The smallest normal magic square is of the first-order:

The dotted red lines across the magic square represent the magic diagonals. For a basic magic square, each row, column, and main diagonal must sum to the magic constant. The magic constant of a magic square is equal to the division of the triangular number of its squared order by its order. The magic constant (mcN) of an Nth order magic square (or torus) can be calculated :

The blue border of the unique number cell is also the limit of the magic square itself. The video below shows how this blue border merges to form single latitude and longitude lines on the curved 2D surface of the first-order magic torus:

mcN =

__(N²)² + N²__x__1__=__N(N² + 1)__
2 N 2

For the first-order magic square (or magic torus) the magic constant should therefore be:

mc1 =

__1(1² + 1)__= 1, which is the case.
2

The blue border of the unique number cell is also the limit of the magic square itself. The video below shows how this blue border merges to form single latitude and longitude lines on the curved 2D surface of the first-order magic torus:

Gluing a Torus video by Geometric Animations - University of Hannover, hosted by YouTube

We can check some of the simple conditions that define a basic magic odd-order torus, deduced whilst observing the unique third-order T3 magic torus:

The number of N-order squares (both magic and semi-magic squares) that are displayed on each N-order magic torus = N². The first-order magic torus should therefore display 1² = 1 first-order square, which is the case.

Basic magic odd-N-order tori display not only 1 basic N-order magic square, but also N²-1 semi-magic N-order squares. The first-order basic magic square should therefore display 1 basic order 1 magic square, and 1²-1 = 0 semi-magic order 1 squares, which is also the case.

What is more surprising, although quite logical once we consider the question, is that the order 1 magic torus even satisfies the basic conditions for pandiagonality!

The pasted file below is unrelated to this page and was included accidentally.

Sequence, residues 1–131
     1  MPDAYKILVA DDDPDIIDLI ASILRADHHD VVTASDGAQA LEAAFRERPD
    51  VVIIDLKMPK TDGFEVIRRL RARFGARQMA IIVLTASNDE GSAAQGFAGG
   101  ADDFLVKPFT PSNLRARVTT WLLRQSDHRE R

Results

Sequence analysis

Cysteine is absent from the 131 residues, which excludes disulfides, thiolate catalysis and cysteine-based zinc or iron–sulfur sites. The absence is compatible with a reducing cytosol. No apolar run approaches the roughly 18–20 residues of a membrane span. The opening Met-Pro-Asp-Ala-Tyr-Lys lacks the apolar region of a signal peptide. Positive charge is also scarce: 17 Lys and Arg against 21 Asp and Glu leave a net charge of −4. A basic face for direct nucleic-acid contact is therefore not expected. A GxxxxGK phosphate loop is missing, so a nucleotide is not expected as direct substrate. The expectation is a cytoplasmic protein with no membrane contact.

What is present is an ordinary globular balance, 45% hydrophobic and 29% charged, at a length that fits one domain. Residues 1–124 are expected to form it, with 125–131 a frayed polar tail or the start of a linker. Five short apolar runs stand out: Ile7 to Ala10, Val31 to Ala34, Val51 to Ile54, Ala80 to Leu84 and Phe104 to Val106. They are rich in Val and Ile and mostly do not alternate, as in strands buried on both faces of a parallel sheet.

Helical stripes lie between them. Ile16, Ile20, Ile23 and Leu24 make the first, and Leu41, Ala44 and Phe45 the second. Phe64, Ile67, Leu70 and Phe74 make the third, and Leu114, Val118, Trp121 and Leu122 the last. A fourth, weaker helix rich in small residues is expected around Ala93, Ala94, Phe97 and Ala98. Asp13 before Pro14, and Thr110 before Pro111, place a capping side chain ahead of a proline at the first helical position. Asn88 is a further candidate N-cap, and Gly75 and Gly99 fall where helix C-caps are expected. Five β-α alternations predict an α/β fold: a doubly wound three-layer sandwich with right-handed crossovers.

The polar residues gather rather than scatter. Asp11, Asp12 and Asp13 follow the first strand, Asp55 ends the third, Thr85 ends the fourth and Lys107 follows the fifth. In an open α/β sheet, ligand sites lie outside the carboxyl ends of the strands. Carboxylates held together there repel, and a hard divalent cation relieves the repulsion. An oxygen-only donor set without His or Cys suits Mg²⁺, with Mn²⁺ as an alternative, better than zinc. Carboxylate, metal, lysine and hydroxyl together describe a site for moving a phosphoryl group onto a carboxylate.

If pandiagonal (magic along all of its diagonals), an N-order torus displays N² pandiagonal squares of order N. The first-order torus should therefore display 1² pandiagonal squares = 1 pandiagonal square, which once again is the case.

Taking into account the panmagic properties of this torus, the adjective

*"trivial,"*which is often used to describe the first-order square, now seems quite disrespectful. For mathematical contexts, the dictionary definitions of trivial include:*"simple, transparent, or immediately evident."*However, there is more to the order 1 torus than first meets the eye! Not only is it pandiagonal, but its number One also signifies mathematical creation and the very beginnings... The Pythagoreans referred to the number One as the "monad," which engendered the numbers, which engendered the point, which engendered all lines, etc. For Plotinus and other neoplatonists, the number One was the ultimate reality and the source of all existence. The first-order torus, and the number One that it displays, together represent the "Big Bang."
I must admit to having completely overlooked this first-order magic torus until Miguel Angel Amela kindly sent me a copy of one of his studies

*"Pandiagonal Latin Squares and Latin Schemes in the Torus Surface,"*on the 9th March 2016. By extrapolating his findings, I discovered for myself the pandiagonal characteristics of the first-order, and I wish to thank Miguel for this paper which has been an inspiration for me.
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